Accuform. (2016). OSHA Notice Safety Sign: Avoid Contamination – Wash Your Hands. [Online Image]. Retrieved from: http://www.accuform.com/safety-sign/notice-avoid-contamination-wash-your-hands-wgraphic-MRST804

Beauty and Its Beast: Unmasking the Impacts of Toxic Chemicals on Salon Workers. (2014). Women’s Voices For The Earth. Retrieved October 19, 2016 from: http://www.womensvoices.org/wp-content/uploads/2014/11/Beauty-and-Its-Beast-fact-sheet.pdf

Edwards, C. (2015). Haz waste in the workplace – salon [Online Image]. Retrieved from: http://www.grundon.com/Blog/Hazardous-Waste-In-The-Workplace

Ergonomics Simplified. (2016) Hairdresser 5 [Online Image]. Retrieved from: http://www.ergonomicssimplified.com/professions/hairdresser

EU-OSHA (European Agency for Safety and Health at Work). (2014). Occupational health and safety in the hairdressing sector. Retrieved from: https://osha.europa.eu/en/tools-and-publications/publications/literature_reviews/occupational-health-and-safety-in-the-hairdressing-sector

Family Health Team. (2015). Use Hair Dye? Watch for Red Flags With Salon or Box Color. Cleveland Clinic. Retrieved from: https://health.clevelandclinic.org/2015/01/use-hair-dye-watch-for-red-flags-whether-its-salon-or-box-color/

Ground Fault Circuit Interrupters (GFCIs): Prevention from Shock Hazards. (2011). SafeElectricity.org. Retrieved from: https://www.safeelectricity.org/information-center/library-of-articles/55-home-safety/317-ground-fault-circuit-interrupters-gfcis

Levine, K., and Gelb, A. (2003). A Survival Guide for Cosmetologists: Tips from the Trenches. Boston, MA: Cengage Learning

Matthew, S. (2016). Keeping construction workers safe around high-voltage assets. Entura. Retrieved from: http://www.entura.com.au/keeping-construction-workers-safe-around-high-voltage-assets/Madelin, C. (2015). Hairstylists Are More Likely To Have Alzheimer’s And Eczema, According To  Studies. The Huffington Post Canada. Retrieved from: http://www.huffingtonpost.ca/2015/05/27/hairstylists-are-more-lik_n_7451216.html

Melbourne Institute of Nails & Beauty. (2014, October 12). Occupational health and safety in a hairdressing salon – Lesson. YouTube video file. Retrieved from: https://www.youtube.com/watch?v=MBc4rIg0k3Q&noredirect=1

MySafteySign.com. (2016). Lifting Instruction Signs [Online Images]. Retrieved from: http://www.mysafetysign.com/lifting-instruction-signs

Nemer, M., P. Kristensen, K. Nijem, E. Bjertness, and M. Skogstad. 2013. “Respiratory function and chemical exposures among female hairdressers in Palestine.” Occupational Medicine 63, no. 1: 73. E-Journals, EBSCOhost (accessed October 20, 2016).

Occupational Safety and Health Administration. (1993). OSHA Technical Manual. Retrieved from: https://www.osha.gov/dts/osta/otm/otm_vii/otm_vii_1.html#3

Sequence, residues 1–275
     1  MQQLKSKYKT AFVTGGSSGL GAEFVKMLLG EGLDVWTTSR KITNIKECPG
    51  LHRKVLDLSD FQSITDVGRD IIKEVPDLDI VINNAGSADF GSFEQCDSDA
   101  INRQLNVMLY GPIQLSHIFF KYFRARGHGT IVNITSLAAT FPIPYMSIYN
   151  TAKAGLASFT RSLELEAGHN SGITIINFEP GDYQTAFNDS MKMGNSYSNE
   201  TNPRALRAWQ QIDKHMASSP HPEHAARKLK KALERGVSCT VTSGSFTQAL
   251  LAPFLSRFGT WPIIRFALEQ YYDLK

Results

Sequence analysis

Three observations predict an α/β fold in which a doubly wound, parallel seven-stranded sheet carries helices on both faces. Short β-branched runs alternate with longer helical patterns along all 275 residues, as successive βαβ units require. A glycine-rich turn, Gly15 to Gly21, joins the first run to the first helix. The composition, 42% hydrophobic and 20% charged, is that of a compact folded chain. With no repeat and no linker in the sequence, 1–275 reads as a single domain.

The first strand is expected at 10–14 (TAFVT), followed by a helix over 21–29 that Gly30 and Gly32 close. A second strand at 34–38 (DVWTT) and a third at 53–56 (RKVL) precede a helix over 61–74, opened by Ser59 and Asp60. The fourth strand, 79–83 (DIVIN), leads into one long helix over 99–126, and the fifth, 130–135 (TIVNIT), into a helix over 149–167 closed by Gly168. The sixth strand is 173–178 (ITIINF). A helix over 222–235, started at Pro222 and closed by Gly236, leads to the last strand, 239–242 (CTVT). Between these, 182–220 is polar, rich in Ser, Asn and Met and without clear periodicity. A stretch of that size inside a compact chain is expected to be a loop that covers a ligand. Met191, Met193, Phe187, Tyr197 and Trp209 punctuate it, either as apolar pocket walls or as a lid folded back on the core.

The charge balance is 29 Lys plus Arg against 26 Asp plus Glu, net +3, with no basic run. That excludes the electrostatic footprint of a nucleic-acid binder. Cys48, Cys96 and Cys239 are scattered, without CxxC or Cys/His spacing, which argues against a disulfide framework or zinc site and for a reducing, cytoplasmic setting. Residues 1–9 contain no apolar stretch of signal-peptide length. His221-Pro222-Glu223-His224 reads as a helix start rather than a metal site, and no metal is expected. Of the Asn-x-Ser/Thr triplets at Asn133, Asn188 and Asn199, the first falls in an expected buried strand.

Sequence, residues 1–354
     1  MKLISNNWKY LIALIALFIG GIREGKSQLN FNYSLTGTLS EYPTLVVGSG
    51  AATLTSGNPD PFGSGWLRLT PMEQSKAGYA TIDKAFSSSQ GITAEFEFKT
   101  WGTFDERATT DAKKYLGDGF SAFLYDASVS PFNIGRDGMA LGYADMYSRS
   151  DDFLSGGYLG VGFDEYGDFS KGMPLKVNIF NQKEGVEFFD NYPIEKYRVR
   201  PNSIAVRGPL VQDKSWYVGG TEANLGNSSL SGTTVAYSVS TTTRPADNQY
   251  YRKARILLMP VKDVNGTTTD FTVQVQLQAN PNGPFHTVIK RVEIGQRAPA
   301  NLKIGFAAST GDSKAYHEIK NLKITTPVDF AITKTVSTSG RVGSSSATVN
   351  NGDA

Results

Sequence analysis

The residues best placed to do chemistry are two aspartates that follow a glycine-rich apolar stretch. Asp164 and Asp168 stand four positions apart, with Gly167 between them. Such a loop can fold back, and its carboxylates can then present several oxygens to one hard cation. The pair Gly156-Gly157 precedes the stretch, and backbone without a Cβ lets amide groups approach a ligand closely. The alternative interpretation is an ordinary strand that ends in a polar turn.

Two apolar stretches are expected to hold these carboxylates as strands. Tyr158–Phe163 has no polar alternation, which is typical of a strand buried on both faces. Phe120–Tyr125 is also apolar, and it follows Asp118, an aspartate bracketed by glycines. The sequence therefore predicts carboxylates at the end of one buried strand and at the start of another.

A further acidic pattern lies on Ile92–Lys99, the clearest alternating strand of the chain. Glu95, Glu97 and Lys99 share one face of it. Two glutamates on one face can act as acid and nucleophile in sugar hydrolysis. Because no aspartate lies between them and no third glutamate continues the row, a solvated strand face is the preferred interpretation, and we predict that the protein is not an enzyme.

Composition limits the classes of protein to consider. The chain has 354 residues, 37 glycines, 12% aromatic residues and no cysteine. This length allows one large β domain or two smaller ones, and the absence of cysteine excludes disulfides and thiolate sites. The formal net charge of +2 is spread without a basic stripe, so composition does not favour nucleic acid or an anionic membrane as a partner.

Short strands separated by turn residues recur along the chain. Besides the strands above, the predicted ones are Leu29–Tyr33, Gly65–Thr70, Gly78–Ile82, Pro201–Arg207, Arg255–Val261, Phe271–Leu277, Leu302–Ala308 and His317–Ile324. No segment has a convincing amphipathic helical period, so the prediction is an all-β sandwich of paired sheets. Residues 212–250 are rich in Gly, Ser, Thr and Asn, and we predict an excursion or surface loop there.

Oliver, Dana. (2013) HAIR-SALON-HAZARDS-570 [Online Image]. Retrieved from: http://www.huffingtonpost.com/2013/06/06/hair-salon-hazards-photos_n_3389688.html

Paragon STL. (n.d.). Highly Flammable Household Objects [Online Image]. Retrieved from: http://www.paragonstl.com/highly-flammable-household-objects/

Pfuntner, A. (2011). 2311 Sanitation Fig 1 [Online Image]. Retrieved from: http://www.foodsafetymagazine.com/magazine-archive1/februarymarch-2011/proper-hand-washing-a-vital-food-safety-step/

Renscene Ltd. (2016). Barbicide 1 Litre Jar [Online Image]. Retrieved from: http://www.hairproducts.co.uk/barbicide_1litrejar.php

RPM Therapy. (2016). Preferred and Non preferred Positions [Online Images]. Retrieved from: http://rpm-therapy.com/2012/hairdressers-salons-prevent-work-related-injuries/

Salaptek, L. (2014). Stand all day? 9 Ways You Can Reduce Leg, Foot and Back Pain. Modern Salon. Retrieved from: http://www.modernsalon.com/article/24830/stand-all-day-9-ways-you-can-reduce-leg-foot-and-back-pain

Seton.(2016). Be Aware of Slips, Trips & Falls Poster. [Online Image]. Retrieved from: https://goo.gl/images/2S3ZwJ

Toxic Chemicals in Salon Products. (2016). Women’s Voices For The Earth. Retrieved October 19, 2016 from: http://www.womensvoices.org/avoid-toxic-chemicals/salon-products/toxic-chemicals-in-salon-products-workers

United States Bureau of Labor Statistics. (2015, November  19). NONFATAL OCCUPATIONAL INJURIES AND ILLNESSES REQUIRING DAYS AWAY FROM WORK, 2014. Retrieved from: http://www.bls.gov/news.release/pdf/osh2.pdf

Weber, T., Nevala, A., and Mantouvalou., K. (2011) Final report.  Retrieved from: http://www.coiffure.eu/websites/anko_coiffure/files/2011%20June%20Final%20report%20Tina%20Weber%20H&S.pdf

Whitmor. (2016). Commercial Round Laundry Hamper [Online Image]. Retrieved from: http://whitmor.com/laundry-garment/commercial-round-laundry-hamper.html

World Market. (2016) Ellie Rolling Laundry Cart [Online Image]. Retrieved from: http://www.worldmarket.com/product/ellie+rolling+laundry+cart.do?pftv=58DXVvubDr


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Safety analysis of self-employed persons and recommendations for improvements.

Risk Reduction Regime embarked on a risk analysis of various self-employed persons and made recommendations that were not emphasized in The OSH Act of T& T as amended (2006.) According to the act, “self-employed person” means an individual who works for gain or reward otherwise than under a contract of employment, whether or not he himself employs others. The law states:

“7(1) It shall be the duty of every employer to conduct his undertaking in such a way as to ensure, so far as is reasonably practicable, that persons not in his employment, who may be affected thereby are not thereby exposed to risks to their safety or health.